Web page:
P. A. Ameen Yasir and J. Solomon Ivan, "Realization of first-order optical systems using thin convex lenses of fixed focal length," J. Opt. Soc. Am. A 31, 2011-2020 (2014)

A general axially symmetric first-order optical system is realized using free propagation and thin convex lenses of fixed focal length. It is shown that not more than five convex lenses of fixed focal length are required to realize the most general first-order optical system, with the required number of lenses depending on the situation. The free propagation distances are evaluated explicitly in each situation. The optimality of the decomposition obtained in each situation is brought out. Decompositions for some familiar subgroups of $S{L}_{2}(\mathbb{R})$ are also worked out. Convex or concave lenses of arbitrary focal length are realized using three or two convex lenses of fixed focal length, respectively. It is further shown that three convex lenses of arbitrary focal length are sufficient to realize the most general first-order optical system.

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Allowed Signatures for $a$, $b$, $c$, and $d$ so that Matrix $M$ Describes a First-Order Optical System^{a}

a

b

c

d

$S{L}_{2}(\mathbb{R})$ Family

G

G

G

G

Yes

G

G

G

L

No

G

G

L

G

Yes

G

G

L

L

Yes

G

L

G

G

Yes

G

L

G

L

Yes

G

L

L

G

Yes

G

L

L

L

No

L

G

G

G

No

L

G

G

L

Yes

L

G

L

G

Yes

L

G

L

L

Yes

L

L

G

G

Yes

L

L

G

L

Yes

L

L

L

G

No

L

L

L

L

Yes

Here we have assumed $a$, $b$, $c$, and $d$ to be nonsingular. Note that only for 12 of the signature possibilities, the constraint $ad-bc=1$ is satisfied. L and G stand for less than zero and greater than zero, respectively.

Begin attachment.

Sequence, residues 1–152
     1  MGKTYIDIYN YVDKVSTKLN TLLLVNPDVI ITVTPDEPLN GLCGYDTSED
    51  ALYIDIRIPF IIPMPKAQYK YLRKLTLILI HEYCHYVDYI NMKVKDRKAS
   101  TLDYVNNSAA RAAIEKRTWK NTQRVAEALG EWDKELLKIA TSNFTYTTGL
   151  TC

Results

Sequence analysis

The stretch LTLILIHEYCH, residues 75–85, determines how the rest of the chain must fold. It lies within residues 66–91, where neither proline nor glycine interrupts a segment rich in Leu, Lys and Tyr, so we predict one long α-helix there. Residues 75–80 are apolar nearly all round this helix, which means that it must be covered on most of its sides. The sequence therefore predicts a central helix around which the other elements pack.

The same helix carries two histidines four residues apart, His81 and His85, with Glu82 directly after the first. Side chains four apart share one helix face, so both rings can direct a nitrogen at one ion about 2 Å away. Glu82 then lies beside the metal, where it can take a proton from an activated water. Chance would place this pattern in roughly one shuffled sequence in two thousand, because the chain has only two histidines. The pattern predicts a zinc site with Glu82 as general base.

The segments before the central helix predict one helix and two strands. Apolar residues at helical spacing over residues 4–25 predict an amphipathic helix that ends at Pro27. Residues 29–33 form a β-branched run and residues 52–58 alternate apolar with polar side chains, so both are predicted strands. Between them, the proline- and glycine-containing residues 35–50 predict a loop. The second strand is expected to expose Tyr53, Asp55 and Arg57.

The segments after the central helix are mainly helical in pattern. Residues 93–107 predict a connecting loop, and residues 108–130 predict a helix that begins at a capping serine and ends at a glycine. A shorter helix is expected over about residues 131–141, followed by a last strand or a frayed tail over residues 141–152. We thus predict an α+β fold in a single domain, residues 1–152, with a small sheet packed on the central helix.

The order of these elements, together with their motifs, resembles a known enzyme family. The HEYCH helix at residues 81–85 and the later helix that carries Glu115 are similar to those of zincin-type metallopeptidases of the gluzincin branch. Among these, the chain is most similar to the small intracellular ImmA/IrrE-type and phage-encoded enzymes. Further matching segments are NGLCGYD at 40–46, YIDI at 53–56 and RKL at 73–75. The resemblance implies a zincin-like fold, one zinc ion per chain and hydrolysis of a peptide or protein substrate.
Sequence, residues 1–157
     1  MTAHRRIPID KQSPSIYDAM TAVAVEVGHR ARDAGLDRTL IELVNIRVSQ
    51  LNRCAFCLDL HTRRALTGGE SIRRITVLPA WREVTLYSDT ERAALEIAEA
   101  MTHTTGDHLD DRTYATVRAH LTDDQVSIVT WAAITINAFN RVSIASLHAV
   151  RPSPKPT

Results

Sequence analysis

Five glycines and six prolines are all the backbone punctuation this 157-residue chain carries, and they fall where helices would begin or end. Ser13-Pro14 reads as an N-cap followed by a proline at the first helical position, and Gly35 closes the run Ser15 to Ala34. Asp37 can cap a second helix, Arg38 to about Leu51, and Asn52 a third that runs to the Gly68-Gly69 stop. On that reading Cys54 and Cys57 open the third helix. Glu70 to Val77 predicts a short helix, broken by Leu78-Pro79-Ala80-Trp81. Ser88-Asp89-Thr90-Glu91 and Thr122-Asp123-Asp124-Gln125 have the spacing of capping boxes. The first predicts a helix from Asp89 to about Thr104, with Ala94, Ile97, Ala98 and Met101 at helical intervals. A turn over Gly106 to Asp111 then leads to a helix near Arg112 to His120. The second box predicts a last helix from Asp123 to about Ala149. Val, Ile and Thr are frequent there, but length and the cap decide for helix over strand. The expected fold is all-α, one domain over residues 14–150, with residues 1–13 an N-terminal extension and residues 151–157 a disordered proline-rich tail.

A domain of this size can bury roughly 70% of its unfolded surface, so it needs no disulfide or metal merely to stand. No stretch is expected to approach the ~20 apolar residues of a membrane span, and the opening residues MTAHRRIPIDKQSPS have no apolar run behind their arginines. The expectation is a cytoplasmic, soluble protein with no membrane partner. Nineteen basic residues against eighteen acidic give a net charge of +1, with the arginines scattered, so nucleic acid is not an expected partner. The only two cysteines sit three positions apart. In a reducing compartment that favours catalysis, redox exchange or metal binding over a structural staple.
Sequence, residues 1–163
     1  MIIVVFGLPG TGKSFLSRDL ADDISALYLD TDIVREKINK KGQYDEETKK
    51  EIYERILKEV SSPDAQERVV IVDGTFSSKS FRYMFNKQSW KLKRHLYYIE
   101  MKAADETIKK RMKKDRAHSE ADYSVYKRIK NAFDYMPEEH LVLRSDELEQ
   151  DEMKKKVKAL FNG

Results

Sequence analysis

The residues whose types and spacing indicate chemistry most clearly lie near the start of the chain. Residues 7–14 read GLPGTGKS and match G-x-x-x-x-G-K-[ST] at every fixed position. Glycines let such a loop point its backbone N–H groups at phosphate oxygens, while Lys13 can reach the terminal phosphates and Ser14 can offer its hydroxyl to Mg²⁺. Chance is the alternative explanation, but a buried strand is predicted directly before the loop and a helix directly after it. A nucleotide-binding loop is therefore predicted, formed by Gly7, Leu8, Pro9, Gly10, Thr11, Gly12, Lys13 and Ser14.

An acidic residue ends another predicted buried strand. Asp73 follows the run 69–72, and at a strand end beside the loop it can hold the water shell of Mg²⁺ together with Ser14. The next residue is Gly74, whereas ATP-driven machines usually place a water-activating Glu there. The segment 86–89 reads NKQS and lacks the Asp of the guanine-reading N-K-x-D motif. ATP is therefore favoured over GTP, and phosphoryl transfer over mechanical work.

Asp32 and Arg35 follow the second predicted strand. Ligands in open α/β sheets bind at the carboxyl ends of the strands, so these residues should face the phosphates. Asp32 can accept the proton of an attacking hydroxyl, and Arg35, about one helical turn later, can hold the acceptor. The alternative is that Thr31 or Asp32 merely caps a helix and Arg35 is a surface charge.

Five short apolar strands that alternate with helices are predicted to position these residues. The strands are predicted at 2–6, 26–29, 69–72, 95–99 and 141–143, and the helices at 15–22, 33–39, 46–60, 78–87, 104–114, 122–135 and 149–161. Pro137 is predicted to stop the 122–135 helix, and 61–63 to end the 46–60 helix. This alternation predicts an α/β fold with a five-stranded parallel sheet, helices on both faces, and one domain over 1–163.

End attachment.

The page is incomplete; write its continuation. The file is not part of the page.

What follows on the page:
Table 2.

Summary of the Decompositions for Ray Transfer Matrices with Nonsingular Entries^{a}

Note: The first column enumerates the cases with increasing usage of lenses. Column 6 lists the decomposition, and column 7 lists the required number of lenses

Table 3.

Summary of Decompositions for Ray Transfer Matrices with Any One or Two of Its Entries To Be Singular^{a}

Two considerations go into the choice indicated in column 7 (refer to Table 2). If the singular entry does not occur in the denominator in any of the free propagation matrices $F$ composing the listed special cases [refer to Eqs. (32)–(43)], then the decomposition using the least number of lenses is chosen. If the singular entry does occur in the denominator in any of the free propagation matrices $F$ (in which case the interlens distance is unphysical) comprising the listed special cases, only the decomposition choices where this does not occur are taken into consideration, and then the decomposition using the minimum number of lenses is chosen.

Tables (3)

Table 1.

Allowed Signatures for $a$, $b$, $c$, and $d$ so that Matrix $M$ Describes a First-Order Optical System^{a}

a

b

c

d

$S{L}_{2}(\mathbb{R})$ Family

G

G

G

G

Yes

G

G

G

L

No

G

G

L

G

Yes

G

G

L

L

Yes

G

L

G

G

Yes

G

L

G

L

Yes

G

L

L

G

Yes

G

L

L

L

No

L

G

G

G

No

L

G

G

L

Yes

L

G

L

G

Yes

L

G

L

L

Yes

L

L

G

G

Yes

L

L

G

L

Yes

L

L

L

G

No

L

L

L

L

Yes

Here we have assumed $a$, $b$, $c$, and $d$ to be nonsingular. Note that only for 12 of the signature possibilities, the constraint $ad-bc=1$ is satisfied. L and G stand for less than zero and greater than zero, respectively.

Table 2.

Summary of the Decompositions for Ray Transfer Matrices with Nonsingular Entries^{a}

Note: The first column enumerates the cases with increasing usage of lenses. Column 6 lists the decomposition, and column 7 lists the required number of lenses

Table 3.

Summary of Decompositions for Ray Transfer Matrices with Any One or Two of Its Entries To Be Singular^{a}

Two considerations go into the choice indicated in column 7 (refer to Table 2). If the singular entry does not occur in the denominator in any of the free propagation matrices $F$ composing the listed special cases [refer to Eqs. (32)–(43)], then the decomposition using the least number of lenses is chosen. If the singular entry does occur in the denominator in any of the free propagation matrices $F$ (in which case the interlens distance is unphysical) comprising the listed special cases, only the decomposition choices where this does not occur are taken into consideration, and then the decomposition using the minimum number of lenses is chosen.